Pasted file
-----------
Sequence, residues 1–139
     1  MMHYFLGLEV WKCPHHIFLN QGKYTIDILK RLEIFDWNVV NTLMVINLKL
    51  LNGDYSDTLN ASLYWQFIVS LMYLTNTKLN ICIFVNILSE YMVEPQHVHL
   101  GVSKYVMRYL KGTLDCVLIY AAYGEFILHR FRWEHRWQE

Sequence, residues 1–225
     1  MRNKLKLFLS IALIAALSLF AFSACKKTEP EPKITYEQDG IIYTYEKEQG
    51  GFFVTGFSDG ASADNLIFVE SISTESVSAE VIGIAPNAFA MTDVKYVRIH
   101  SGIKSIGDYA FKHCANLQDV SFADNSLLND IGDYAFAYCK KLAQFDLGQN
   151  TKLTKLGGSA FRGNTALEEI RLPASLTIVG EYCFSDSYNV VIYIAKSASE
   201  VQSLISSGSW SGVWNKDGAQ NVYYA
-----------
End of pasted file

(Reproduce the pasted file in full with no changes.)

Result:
Sequence, residues 1–139
     1  MMHYFLGLEV WKCPHHIFLN QGKYTIDILK RLEIFDWNVV NTLMVINLKL
    51  LNGDYSDTLN ASLYWQFIVS LMYLTNTKLN ICIFVNILSE YMVEPQHVHL
   101  GVSKYVMRYL KGTLDCVLIY AAYGEFILHR FRWEHRWQE

Sequence, residues 1–225
     1  MRNKLKLFLS IALIAALSLF AFSACKKTEP EPKITYEQDG IIYTYEKEQG
    51  GFFVTGFSDG ASADNLIFVE SISTESVSAE VIGIAPNAFA MTDVKYVRIH
   101  SGIKSIGDYA FKHCANLQDV SFADNSLLND IGDYAFAYCK KLAQFDLGQN
   151  TKLTKLGGSA FRGNTALEEI RLPASLTIVG EYCFSDSYNV VIYIAKSASE
   201  VQSLISSGSW SGVWNKDGAQ NVYYA